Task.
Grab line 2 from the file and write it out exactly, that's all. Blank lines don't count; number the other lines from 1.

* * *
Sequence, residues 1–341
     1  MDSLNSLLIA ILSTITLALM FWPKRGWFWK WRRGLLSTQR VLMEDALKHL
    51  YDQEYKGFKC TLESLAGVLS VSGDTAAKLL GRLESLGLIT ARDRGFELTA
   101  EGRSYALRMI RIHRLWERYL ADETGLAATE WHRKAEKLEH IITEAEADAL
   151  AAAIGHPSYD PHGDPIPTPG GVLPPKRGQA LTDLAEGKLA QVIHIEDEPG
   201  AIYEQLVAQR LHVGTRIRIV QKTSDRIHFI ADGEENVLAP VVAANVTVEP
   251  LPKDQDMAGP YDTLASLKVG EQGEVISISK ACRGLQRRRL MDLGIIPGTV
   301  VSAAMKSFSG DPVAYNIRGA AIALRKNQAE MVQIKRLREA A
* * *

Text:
     1  MDSLNSLLIA ILSTITLALM FWPKRGWFWK WRRGLLSTQR VLMEDALKHL